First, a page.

7. Traffic jams: Some drivers can get very frustrated in traffic jams and attempt to change lane impulsively. Watch the car front wheels. A front wheel starting to turn is the first indication of a driver trying to change lane (unless they use their indicators).

8. Parked cars. People could be opening the door suddenly. First, ride in middle of lane if there is nobody behind you (another reason to have a rear view mirror). If you must ride close to parked cars, watch for cars with stop lights on, or a shadow in the car front seat that indicate somebody is inside.

9.  Beware of pedestrians.  Some get distracted by mobile phones or iPods and are barely aware of what's happening around them.  They can change direction quickly, unexpectedly blocking your path.  In areas where there are lots of pedestrians, I slow down and put both hands on the brakes, ready to do an emergency stop.  You never know what's going to happen with pedestrians.

10.  Slow down in the rain.  People can't see you as well, and brakes are not as effective.

Theses are the core riding skills that I use. There are also planning skills. I mean planning which route to take, which depends on your journey. For me in Sydney, I avoid all main roads. I only go through suburban streets, bicycle paths & occasionally secondary roads. I believe that traveling in Sydney on a main road limited at 70 or 80 km/h is exposing yourself to many car drivers coming from behind. It only takes one inattentive car driver to send you to hospital. The basic idea is to choose a route where the traffic is the lightest & the slowest, reducing the risks you are exposed to.

Something that is also useful is knowledge derived from accident statistics. This gives you an idea of the most frequent type of accident, so that you can be aware of situations that carry higher risk. As I was looking through the safety research, I noticed that the most common way to get killed for cyclists is to get hit from behind by a car. This is another reason why I believe in rear view mirrors and avoiding main roads as much as I can.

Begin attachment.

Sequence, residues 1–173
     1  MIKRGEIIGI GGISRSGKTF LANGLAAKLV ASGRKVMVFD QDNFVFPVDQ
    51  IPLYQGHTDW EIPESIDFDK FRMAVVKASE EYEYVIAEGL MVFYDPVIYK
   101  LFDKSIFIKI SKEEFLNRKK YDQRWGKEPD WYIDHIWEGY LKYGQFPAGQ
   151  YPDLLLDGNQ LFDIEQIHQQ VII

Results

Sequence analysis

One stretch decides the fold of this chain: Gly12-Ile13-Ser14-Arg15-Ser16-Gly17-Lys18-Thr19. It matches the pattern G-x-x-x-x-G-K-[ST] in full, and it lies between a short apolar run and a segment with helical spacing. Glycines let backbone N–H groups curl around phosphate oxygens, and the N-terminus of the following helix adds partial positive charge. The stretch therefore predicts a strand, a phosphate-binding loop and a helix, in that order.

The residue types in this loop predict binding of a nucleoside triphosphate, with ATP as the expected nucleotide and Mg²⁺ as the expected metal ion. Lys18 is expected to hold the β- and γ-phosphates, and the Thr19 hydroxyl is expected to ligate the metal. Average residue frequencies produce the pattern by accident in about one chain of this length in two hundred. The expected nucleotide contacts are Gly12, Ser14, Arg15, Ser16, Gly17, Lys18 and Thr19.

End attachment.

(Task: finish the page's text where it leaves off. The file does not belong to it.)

Another interesting result from the research is that most bicycle injuries are from teenagers, especially boys. In urban areas, almost half of serious cyclist injuries are kids under 16, especially boys. They occur most commonly at intersections, or where riders merge with car traffic. In most cases, the rider was at fault, not being careful enough. If you have kids riding, please take the time to show them how to cross intersections and merge with traffic safely. Show them where the dangers is more likely to come from. It is a little bit like showing kids how to walk across the road when they are little. It seems a bit tedious and takes a little time, but it is important. For example, with our kids, we have done the trip to school together several times and shown them exactly where the most dangerous spots were, the dangers to watch for, where to position themselves on the road, etc …


This is what I do in order to avoid accidents. It is specific to the type of riding that I do and the roads that I ride on. I don't really know whether it is enough or whether I have just been lucky, but so far so good.

Everybody’s circumstances & cycling environment is a little bit different. I am sure we have difference tips to reduce the risk of bicycle accidents. Do you what any tips you are willing to share?

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You are a star Kim. Methinks you are right. The motorbike + the lecturing style.
Cripes.. what was everyone's hangup with Dave?

At least he provided an alternate viewpoint to some of the groupthink that goes on around here.
Damn right and he forgot to mention that the best defence is a good offence .... say J walking or failing to stop for a red light